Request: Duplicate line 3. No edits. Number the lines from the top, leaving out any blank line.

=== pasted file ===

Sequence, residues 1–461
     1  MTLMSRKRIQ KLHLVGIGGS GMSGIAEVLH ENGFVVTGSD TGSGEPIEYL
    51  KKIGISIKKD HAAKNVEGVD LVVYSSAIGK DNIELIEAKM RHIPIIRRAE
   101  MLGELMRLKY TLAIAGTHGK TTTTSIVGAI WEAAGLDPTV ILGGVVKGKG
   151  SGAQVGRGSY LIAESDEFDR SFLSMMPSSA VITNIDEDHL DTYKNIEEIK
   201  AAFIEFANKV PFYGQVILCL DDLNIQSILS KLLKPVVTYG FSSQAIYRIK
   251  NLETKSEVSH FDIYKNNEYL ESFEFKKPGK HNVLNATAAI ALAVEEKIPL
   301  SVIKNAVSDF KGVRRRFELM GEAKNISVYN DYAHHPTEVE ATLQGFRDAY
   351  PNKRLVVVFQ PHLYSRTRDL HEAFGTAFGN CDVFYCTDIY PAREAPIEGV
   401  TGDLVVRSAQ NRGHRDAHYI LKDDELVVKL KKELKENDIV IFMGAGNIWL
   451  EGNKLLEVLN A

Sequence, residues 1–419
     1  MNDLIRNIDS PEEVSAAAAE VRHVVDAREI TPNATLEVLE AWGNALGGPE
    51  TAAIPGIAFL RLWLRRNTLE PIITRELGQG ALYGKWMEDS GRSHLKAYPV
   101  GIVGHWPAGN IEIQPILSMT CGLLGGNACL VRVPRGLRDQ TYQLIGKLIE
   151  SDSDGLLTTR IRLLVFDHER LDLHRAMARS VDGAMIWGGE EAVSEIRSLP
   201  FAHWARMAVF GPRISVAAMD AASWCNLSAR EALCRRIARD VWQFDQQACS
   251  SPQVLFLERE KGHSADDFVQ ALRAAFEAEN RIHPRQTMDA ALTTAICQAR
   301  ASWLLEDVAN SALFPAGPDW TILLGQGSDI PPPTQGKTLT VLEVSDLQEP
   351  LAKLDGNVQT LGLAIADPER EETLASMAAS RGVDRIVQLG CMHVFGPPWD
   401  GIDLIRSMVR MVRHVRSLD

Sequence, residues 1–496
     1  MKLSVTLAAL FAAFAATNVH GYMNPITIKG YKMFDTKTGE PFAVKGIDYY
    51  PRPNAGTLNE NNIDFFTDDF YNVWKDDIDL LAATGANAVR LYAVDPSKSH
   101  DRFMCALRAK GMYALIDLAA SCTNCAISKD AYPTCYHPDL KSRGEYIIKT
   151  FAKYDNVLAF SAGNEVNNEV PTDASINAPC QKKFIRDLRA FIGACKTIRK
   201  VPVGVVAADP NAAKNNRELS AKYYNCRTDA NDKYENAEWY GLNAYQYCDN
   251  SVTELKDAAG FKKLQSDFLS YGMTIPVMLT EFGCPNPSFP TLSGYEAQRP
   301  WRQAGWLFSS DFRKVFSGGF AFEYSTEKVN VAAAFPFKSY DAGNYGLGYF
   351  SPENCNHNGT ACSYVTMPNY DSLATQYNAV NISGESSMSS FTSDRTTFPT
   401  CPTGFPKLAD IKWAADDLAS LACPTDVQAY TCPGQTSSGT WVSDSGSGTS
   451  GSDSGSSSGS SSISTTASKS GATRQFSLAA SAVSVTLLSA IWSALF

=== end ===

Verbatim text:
    51  KKIGISIKKD HAAKNVEGVD LVVYSSAIGK DNIELIEAKM RHIPIIRRAE